November 07, 2013
If you have to compete with another buyer, start from a position of strength.
So you’ve been through a property a few times and you love it! Mortgage Choice Port Melbourne, as your local Mortgage Broker, is underway with your Pre Approval and you’re getting psyched up to bid at the auction in a week or so. Then the agent calls “the Vendor has received an acceptable offer. The property will be sold unless we receive a higher offer by 5 o’clock tomorrow”. Your heart sinks. The buyer has probably put in the offer because they don’t want the stress of competing at an auction and they’re worried about being bid out of contention. But if the property doesn’t go to auction, how are you supposed to know who you’re bidding against, and how much they’re prepared to pay?
It may be frustrating, but inviting buyers to exceed a pre-auction offer is perfectly legitimate. It’s a tactic that has become more common in the last couple of years. Pre-auction offers are unconditional, so it’s important to approach the situation from a position of strength. Here’s how to play your cards!
1. Speak with your Mortgage Broker and fast-track your preparation; ask Mortgage Choice Port Melbourne to provide you with a free RP Data CMA report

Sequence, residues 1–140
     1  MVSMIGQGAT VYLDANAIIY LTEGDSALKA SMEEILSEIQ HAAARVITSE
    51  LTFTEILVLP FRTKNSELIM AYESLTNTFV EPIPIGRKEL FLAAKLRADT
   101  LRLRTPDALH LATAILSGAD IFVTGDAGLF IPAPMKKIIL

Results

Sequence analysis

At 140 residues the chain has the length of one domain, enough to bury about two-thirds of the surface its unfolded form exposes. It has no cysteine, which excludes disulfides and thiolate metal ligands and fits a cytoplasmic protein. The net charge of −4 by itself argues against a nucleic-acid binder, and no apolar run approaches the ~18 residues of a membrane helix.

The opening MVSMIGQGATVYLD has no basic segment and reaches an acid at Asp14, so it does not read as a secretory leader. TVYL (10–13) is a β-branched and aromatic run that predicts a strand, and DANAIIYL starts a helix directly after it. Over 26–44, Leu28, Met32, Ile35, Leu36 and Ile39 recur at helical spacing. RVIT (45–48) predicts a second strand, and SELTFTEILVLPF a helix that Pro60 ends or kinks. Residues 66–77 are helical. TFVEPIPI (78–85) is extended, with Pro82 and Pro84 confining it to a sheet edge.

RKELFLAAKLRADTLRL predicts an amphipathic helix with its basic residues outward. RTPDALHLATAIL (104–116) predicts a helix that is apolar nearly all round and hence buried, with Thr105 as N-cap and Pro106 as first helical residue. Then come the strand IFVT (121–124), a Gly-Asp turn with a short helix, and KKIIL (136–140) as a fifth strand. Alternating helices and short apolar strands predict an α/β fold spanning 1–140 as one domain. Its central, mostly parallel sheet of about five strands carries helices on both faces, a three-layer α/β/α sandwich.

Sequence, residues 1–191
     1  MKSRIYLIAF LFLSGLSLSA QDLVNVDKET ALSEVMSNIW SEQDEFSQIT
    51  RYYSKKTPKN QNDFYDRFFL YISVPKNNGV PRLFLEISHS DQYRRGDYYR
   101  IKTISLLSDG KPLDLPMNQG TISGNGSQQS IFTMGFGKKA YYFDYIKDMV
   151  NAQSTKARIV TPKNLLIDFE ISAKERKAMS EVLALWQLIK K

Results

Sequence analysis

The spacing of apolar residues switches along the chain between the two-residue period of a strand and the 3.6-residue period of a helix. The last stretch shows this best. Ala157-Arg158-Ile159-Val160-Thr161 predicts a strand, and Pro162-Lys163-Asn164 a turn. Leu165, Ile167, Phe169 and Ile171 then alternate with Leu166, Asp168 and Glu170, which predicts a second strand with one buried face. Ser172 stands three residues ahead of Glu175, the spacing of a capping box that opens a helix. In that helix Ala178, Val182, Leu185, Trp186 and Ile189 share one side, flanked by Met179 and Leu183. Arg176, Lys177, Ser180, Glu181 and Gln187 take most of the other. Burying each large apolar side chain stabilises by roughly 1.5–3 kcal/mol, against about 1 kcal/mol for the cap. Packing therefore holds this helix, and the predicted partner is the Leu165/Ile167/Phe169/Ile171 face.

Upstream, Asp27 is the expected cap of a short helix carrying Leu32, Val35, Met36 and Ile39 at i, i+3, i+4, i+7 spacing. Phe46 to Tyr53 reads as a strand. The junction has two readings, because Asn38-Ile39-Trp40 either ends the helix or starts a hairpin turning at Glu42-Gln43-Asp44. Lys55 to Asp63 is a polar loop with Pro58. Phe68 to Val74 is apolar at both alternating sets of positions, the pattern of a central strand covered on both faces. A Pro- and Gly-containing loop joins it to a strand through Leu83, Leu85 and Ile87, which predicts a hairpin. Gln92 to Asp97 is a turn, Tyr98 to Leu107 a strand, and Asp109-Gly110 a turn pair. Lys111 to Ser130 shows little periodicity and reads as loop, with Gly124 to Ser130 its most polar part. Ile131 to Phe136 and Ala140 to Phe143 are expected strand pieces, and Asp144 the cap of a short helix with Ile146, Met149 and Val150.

2. Organise the building inspection (if relevant) and ask your conveyance/solicitor to inspect the contract & Vendor’s Statement (Mortgage Choice Port Melbourne can provide Solicitor’s details for you)
3. In conjunction with your Mortgage Broker, determine your spending limit as this may be different from the property’s market value
4. Get an indication of the price you have to beat & how many other offers there are by calling the agent
5. Price isn’t everything - offer flexible terms if you can (ie quick settlement) – having a Mortgage Broker allows you to compete with fast settlement terms!
6. Submit a genuinely competitive offer in writing … then wait!
It may be nerve-wracking, but once the deadline has passed, it won’t be long until you have your answer. If you miss out, at least you’ll know the property’s market value. The more knowledge you have, the stronger you position next time around.
(Sunday Age, October 28, 2007)